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Pre-eclampsia and high blood pressure in pregnancy

Lasting emotional impacts of pre-eclampsia

Some women we spoke to said there were longer-term emotional impacts following their experiences with pre-eclampsia. Angela felt the impacts “can live with them [women] for a while” and sometimes “forever”. 
 
Women sometimes struggled with very difficult emotions. While Lyndsey didn’t think she had postnatal depression, she felt “a little bit down for those first few months” after having her baby. Helen X “felt like it was me that was inadequate”. Kay described “a lonely journey” as she felt unable to tell other people what was happening at the time “because if I told them the truth, I'd have a meltdown”. Feelings like these could make it especially difficult for women to cope and, if they wanted it, seek support.
 
Some women found there was a lack of recognition, including from health professionals, about the longer-term emotional impact of pre-eclampsia and how serious this could be. Angela said she had struggled as a very anxious new mum. Even though she told her health visitor that she had suicidal feelings and was told “someone [will be sent] to come and speak to you”, no one came.
 

Angela described how she felt in the weeks and months after having her baby.

Angela described how she felt in the weeks and months after having her baby.

Age at interview: 36
Sex: Female
Age at diagnosis: 34
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I often want-, you know, I'm like was it postnatal depression, was it post-traumatic stress. I was always in the line of post-traumatic stress; it was an incident that happened. Quite a lot of the time I explained it like I just feel my head's here, my body's here, they're out of balance, they’ve gone like this.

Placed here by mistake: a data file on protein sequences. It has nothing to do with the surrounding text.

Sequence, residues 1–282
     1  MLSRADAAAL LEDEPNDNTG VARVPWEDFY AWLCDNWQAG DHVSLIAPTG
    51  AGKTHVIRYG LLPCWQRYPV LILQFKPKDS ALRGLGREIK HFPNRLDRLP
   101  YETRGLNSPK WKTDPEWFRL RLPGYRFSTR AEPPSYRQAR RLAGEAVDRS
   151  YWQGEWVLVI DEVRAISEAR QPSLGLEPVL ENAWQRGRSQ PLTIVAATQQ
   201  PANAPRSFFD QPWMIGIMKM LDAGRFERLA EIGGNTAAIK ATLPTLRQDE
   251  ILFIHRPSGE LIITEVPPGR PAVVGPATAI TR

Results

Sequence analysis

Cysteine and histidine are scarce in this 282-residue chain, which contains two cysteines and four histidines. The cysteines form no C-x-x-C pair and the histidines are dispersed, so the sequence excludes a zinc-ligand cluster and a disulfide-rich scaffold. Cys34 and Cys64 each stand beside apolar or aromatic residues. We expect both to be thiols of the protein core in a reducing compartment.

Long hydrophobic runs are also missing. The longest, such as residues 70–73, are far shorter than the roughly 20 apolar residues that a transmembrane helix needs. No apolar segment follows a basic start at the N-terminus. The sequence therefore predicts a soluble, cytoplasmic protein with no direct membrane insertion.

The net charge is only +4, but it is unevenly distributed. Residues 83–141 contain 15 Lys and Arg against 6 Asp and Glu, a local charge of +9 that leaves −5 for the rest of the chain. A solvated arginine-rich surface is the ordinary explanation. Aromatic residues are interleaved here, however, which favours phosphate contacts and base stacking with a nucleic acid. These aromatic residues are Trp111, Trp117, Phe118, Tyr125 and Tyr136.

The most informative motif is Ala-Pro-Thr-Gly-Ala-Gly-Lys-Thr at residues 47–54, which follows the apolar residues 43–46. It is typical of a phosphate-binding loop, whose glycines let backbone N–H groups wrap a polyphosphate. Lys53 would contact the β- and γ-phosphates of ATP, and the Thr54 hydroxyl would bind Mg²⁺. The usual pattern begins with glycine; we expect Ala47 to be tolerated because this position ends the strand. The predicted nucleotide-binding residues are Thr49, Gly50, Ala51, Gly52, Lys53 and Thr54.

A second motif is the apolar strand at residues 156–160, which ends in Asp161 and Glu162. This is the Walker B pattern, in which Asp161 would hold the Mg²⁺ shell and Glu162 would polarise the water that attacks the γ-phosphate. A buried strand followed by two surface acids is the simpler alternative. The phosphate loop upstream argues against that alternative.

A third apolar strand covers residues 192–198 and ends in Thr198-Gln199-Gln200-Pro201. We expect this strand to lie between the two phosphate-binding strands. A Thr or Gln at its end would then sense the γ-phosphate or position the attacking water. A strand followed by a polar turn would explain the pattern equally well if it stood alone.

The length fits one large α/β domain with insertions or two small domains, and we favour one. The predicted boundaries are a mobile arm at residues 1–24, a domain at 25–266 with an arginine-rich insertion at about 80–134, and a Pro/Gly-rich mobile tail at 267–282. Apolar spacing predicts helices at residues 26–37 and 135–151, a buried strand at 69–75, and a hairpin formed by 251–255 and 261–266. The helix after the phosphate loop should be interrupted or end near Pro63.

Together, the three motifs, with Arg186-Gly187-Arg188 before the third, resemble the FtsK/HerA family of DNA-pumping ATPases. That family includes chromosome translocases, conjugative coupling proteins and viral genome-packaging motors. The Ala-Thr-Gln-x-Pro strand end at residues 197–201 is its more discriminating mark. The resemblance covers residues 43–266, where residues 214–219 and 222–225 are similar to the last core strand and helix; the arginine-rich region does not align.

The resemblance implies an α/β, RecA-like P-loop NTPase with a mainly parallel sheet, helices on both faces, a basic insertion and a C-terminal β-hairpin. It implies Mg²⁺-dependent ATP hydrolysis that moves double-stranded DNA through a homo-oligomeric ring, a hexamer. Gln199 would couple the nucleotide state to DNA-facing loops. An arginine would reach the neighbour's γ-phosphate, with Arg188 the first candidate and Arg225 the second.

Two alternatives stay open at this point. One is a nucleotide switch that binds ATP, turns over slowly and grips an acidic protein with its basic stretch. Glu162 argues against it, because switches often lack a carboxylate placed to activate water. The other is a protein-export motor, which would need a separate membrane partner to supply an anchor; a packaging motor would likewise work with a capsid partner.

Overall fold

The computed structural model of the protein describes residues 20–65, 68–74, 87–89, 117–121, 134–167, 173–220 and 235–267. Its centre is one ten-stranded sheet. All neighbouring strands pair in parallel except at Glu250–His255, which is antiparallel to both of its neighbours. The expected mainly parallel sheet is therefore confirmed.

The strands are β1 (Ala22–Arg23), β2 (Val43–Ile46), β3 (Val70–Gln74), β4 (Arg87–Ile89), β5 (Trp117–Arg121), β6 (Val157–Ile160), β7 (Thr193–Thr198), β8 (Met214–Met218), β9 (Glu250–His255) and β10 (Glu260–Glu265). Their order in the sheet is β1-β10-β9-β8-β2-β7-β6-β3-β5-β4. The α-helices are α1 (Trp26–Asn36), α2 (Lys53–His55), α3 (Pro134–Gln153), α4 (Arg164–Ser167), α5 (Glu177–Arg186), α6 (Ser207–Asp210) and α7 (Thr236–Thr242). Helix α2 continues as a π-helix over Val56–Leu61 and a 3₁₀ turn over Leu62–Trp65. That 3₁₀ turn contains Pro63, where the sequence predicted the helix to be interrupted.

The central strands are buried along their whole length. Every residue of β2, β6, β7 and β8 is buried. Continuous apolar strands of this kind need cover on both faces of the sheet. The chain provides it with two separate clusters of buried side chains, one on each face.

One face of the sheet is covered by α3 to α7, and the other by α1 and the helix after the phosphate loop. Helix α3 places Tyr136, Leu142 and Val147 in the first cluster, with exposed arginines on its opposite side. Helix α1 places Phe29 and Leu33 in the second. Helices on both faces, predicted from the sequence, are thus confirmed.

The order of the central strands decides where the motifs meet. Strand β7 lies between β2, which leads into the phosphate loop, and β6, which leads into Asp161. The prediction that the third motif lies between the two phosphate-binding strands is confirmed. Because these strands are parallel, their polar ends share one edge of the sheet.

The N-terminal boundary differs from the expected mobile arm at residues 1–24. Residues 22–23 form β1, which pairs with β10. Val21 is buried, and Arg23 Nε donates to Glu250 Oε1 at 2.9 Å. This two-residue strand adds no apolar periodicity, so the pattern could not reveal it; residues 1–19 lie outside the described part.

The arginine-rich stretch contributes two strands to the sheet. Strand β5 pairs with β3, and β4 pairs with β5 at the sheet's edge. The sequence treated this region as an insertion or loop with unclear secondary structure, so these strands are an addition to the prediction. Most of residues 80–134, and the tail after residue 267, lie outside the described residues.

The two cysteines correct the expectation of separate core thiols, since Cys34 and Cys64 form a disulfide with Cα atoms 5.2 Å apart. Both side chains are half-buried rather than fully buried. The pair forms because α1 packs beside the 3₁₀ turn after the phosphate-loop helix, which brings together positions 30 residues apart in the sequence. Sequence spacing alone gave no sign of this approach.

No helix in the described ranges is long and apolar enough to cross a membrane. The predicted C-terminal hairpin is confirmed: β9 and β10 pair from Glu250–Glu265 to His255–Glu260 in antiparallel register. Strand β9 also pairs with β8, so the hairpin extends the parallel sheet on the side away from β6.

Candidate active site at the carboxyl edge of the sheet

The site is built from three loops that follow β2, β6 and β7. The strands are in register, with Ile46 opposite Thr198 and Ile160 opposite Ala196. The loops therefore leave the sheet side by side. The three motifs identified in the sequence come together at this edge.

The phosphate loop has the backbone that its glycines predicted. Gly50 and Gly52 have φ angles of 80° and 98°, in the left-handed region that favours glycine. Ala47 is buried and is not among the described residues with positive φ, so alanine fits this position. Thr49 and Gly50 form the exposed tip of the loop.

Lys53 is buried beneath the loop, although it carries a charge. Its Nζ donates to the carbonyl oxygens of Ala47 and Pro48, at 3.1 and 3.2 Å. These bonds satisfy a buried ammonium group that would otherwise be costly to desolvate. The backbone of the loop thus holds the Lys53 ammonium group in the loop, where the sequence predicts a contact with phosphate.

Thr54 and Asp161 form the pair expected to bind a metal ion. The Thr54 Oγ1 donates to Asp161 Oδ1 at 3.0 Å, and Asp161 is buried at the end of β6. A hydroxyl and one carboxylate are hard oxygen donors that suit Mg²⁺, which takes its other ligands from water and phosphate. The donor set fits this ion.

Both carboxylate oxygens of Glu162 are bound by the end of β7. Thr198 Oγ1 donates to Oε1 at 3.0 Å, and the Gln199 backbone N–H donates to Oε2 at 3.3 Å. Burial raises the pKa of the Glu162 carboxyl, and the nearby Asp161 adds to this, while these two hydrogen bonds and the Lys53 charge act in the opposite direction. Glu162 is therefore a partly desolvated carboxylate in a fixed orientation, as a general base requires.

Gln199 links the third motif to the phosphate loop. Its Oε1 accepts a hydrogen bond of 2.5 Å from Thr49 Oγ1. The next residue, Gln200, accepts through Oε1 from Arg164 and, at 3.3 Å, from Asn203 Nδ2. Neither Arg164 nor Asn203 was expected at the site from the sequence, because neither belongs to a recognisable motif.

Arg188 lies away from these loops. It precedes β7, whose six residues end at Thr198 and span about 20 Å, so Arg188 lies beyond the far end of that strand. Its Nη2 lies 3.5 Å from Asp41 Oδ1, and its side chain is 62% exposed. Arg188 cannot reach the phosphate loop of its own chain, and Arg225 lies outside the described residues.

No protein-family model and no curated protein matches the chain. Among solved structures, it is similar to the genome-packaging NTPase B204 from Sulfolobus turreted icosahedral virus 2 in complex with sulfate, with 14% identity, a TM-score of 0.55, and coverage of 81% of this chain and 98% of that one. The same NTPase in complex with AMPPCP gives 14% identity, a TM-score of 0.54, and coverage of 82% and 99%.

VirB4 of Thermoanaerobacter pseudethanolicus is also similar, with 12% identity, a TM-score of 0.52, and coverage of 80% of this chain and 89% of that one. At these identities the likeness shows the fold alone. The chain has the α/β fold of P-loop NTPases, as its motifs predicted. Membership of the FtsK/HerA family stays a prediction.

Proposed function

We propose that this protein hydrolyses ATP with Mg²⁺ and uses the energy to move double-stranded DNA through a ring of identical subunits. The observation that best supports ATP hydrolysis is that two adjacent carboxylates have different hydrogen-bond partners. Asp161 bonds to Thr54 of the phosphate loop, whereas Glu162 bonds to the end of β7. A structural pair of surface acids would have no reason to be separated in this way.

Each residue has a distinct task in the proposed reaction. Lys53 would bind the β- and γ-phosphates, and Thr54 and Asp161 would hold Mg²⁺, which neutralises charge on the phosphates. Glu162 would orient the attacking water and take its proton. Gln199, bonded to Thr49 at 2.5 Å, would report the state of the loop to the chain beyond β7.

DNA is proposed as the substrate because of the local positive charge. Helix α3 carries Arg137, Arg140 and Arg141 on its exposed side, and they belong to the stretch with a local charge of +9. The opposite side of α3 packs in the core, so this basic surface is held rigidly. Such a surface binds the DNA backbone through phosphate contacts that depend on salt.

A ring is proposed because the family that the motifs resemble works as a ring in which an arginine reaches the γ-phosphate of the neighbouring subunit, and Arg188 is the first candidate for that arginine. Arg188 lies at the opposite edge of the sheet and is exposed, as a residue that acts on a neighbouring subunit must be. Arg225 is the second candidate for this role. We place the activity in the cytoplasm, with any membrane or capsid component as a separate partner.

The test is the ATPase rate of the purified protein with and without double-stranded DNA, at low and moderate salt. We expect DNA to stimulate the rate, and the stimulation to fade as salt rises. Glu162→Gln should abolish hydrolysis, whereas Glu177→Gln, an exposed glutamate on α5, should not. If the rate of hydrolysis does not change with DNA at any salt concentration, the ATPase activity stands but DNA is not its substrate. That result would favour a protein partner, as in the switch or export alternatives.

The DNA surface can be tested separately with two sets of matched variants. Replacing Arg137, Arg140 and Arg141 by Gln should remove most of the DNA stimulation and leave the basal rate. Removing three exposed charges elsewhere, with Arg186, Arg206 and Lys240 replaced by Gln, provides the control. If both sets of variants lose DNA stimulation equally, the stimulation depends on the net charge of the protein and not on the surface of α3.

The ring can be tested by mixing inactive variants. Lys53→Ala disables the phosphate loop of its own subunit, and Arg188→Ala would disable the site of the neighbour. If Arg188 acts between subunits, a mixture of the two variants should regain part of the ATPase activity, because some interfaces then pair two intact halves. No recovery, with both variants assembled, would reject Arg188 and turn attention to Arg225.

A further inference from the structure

And they each just line up again; like my body's doing something my mind's not letting it, you know it was kind of like that and we were… I was just so out of balance. And it just felt like the adrenaline tap was on all the time and it had been left on and I'm trying to turn it off. But I just felt like shhhh, so I just… I don’t know if it was the hormones, the drugs, the whole episode you know. 
 

Julie said it took two years before she felt able to talk about what happened to her and her baby as a result of pre-eclampsia.

Julie said it took two years before she felt able to talk about what happened to her and her baby as a result of pre-eclampsia.

Age at interview: 34
Sex: Female
Age at diagnosis: 32
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I have to say with the caesarean side of things and the pre-eclampsia that was something I didn’t speak about. I wouldn’t. Because it was, it was horrible. More for the fact because of what had happened to her rather than to me, because I was like, you know, I’m a bit more sturdy, I can deal with things a bit more, whereas a little tiny baby, but it wouldn’t be a point of conversation because I wouldn’t, I wouldn’t talk about it. I’d just sort of try and leave the room or… whereas now I’m quite happy to talk about it. I just think you know, things happen, and if people can be educated by it and learn from it, then why hide from it. But its took me probably nearly two years to get to that point where I feel able to talk about it without it being horrible. Whereas now I just think oh yes, you know, we’re through it, we’re all right.

What was it that made you feel you couldn’t talk about it? You didn’t want to revisit or…?